Lomilomi literally means "to break up into small pieces with the fingers." It is a type of healing massage that is traditionally practiced in the Hawaiian islands.
This form of massage involves both physical and spiritual ritual components. Lomilomi originated in the South Pacific and is practiced mainly in the Hawaiian islands, although lomilomi practitioners can also be found in Australia, California, and a few other places in the United States.
When Captain Cook and other European explorers disembarked on the islands of Polynesia, the indigenous people healed their aches and pains with therapeutic massage. Experts in lomilomi also knew how to use it in childbirth, congestion, inflammation, rheumatism and other musculoskeletal disorders, asthma, and bronchitis. They also applied lomilomi to babies and children to strengthen them and mold their features for physical beauty.
In times past, lomilomi was practiced mainly among family members. There were various orders of medical priest, known as "kahunas." The one who specialized in massage was the kahuna lomilomi. One member of the family would be trained by a village kahuna. This person would then pass the training on to the next generation. Kahunas not only trained practitioners in the physical aspects of massage, they also taught that an important aspect of the healing process was the transfer of positive thoughts from the lomilomi practitioner to the client in a way that channels energy, called "mana" or life force, and releases a sense of well-being.
The best known school for training lomilomi practitioners is run by Margaret Machado, known to her students as Aunty Margaret, on the island of Hawaii. Machado was born in the early 1900s and learned traditional lomilomi techniques from her grandfather. Unlike traditional lomilomi practitioners, most modern practitioners tend to concentrate more strongly on the physical rather than the spiritual aspects of this therapy.
Lomilomi cleanses and relaxes the body, both physically and spiritually in order to achieve internal harmony. It increases circulation, relaxes tension spots, and relieves pain.
A lomilomi massage generally begins with clients relaxing on a table and opening themselves to a healing state of mind. Some practitioners begin by using heated lomi stones to increase blood flow to certain areas of the body.
The traditional stroke of the lomilomi practitioner is out and away from the body. This touch is both deep and gentle, resembling in some ways Swedish massage. Unlike Swedish massage, however, lomilomi practitioners use their elbows and forearms and incorporate some vigorous deep tissue techniques. The forearm movement is typically applied across the grain of the long muscles of the back. This style of massage is also referred to as "loving hands."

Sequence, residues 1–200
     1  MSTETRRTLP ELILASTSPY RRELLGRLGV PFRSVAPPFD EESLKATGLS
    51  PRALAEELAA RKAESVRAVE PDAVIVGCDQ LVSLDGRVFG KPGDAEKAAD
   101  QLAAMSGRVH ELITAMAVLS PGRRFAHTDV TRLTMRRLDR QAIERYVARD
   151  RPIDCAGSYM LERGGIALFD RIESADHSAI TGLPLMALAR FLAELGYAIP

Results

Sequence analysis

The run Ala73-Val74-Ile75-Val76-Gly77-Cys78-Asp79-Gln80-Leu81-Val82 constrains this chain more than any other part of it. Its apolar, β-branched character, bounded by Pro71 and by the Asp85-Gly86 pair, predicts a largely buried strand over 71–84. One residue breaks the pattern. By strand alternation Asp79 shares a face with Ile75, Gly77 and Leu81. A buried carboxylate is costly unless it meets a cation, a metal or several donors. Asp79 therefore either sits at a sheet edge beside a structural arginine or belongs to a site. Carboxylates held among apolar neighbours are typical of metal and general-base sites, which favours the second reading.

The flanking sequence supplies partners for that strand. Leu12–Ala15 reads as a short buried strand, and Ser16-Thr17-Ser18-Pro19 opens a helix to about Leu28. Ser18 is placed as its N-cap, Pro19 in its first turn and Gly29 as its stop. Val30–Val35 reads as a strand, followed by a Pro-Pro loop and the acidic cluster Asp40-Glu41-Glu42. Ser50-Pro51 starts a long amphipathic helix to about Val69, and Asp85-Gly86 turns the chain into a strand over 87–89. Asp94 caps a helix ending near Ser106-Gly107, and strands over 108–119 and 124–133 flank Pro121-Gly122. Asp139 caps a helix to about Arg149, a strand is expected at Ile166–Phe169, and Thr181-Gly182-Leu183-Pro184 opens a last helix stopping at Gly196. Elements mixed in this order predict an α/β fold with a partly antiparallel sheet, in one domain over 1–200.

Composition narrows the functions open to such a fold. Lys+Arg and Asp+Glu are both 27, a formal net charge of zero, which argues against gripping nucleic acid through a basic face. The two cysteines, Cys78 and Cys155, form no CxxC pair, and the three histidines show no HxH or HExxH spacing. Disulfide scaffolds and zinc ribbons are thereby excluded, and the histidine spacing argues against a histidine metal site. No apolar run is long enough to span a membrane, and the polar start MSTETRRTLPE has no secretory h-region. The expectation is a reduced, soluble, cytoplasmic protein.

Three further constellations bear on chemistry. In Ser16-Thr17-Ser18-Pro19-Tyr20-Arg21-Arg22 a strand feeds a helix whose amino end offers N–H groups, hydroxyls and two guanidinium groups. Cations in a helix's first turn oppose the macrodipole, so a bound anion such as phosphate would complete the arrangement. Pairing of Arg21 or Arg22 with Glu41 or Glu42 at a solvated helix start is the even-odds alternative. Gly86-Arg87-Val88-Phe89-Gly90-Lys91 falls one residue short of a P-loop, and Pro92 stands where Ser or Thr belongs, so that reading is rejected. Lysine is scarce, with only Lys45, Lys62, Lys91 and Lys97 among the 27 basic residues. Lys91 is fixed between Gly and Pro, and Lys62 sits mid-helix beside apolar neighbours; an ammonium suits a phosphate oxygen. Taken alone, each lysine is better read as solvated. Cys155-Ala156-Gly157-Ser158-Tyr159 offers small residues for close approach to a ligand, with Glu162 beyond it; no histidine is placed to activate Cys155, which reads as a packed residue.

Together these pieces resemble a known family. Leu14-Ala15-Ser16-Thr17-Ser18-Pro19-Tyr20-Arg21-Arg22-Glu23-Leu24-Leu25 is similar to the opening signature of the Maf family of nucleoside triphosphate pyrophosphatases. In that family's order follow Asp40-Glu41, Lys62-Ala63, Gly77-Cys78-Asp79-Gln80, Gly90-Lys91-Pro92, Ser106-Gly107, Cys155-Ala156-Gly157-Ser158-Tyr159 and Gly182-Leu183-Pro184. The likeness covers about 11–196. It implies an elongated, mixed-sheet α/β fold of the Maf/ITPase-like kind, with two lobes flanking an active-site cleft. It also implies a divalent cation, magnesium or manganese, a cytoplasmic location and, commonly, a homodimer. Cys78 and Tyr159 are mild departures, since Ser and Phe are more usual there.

Sometimes lomi sticks are used to relieve facial tension or when deeper massage is needed in a specific part of the body. Lomilomi practitioners traditionally used indigenous oils prepared from coconut and leuki trees. The oil is worked into the skin in a rhythmic 1-2-3, 1-2-3, 1-2-3 movement. At its best, lomilomi releases healing energy that flows from the practitioner to the client.
Modern lomilomi massage varies in time and dispenses with many of the traditional ritual preparations. Costs of this therapy are not generally covered by insurance. Many of the luxury resorts and spas in Hawaii have a practitioner trained in lomilomi on their staff.
In traditional lomilomi, the client may drink herbal teas to cleanse the body internally prior to the massage. The body is also cleansed externally with red clay or salt. Sometimes time is alternated between a steam hut and plunges in cold water to increase circulation prior to beginning the massage. Much of this preparation is dispensed with by modern practitioners.
There are no particular precautions to be observed when receiving this therapy. Like many therapies, lomilomi is most effective when the client is in a receptive frame of mind to accept healing.
No undesirable side effects have been reported. Most clients report feeling a reduction in stress and a general feeling of well being. Others report specific relief of pains such as headaches and backaches.
Research & general acceptance
There are relatively few practitioners of lomilomi, so little controlled research has been done on its effectiveness. However, lomilomi has been an accepted part of native Hawaiian culture for hundreds of years.
Training & certification
The Hawaiian Lomilomi Association offers certification to practitioners who have received training from any of the four approved lomilomi instructors. There are three levels of certification, each of which requires an increased amount of instruction and supervised experience. These certification levels are Certified Lomilomi Therapist, Licensed Lomilomi Therapist, and Lomilomi Clinical Practitioner. This last category requires a 10-year apprenticeship under an approved Advanced Master Lomilomi Practitioner and 20 years of experience. Hawaii also has licensing requirements massage therapists are required to meet.
Feltman, John, ed. Hands-On Healing: Massage Remedies for Hundreds of Health Problems. Emaus, PA: Rodale Press, 1989.
Hawaiian Lomilomi Association. 456 Palo Alto Avenue, Mountain View, CA 94041. (650) 938-8615. HLA@HaleOle.com. http://www.HaleOle.com/HLA.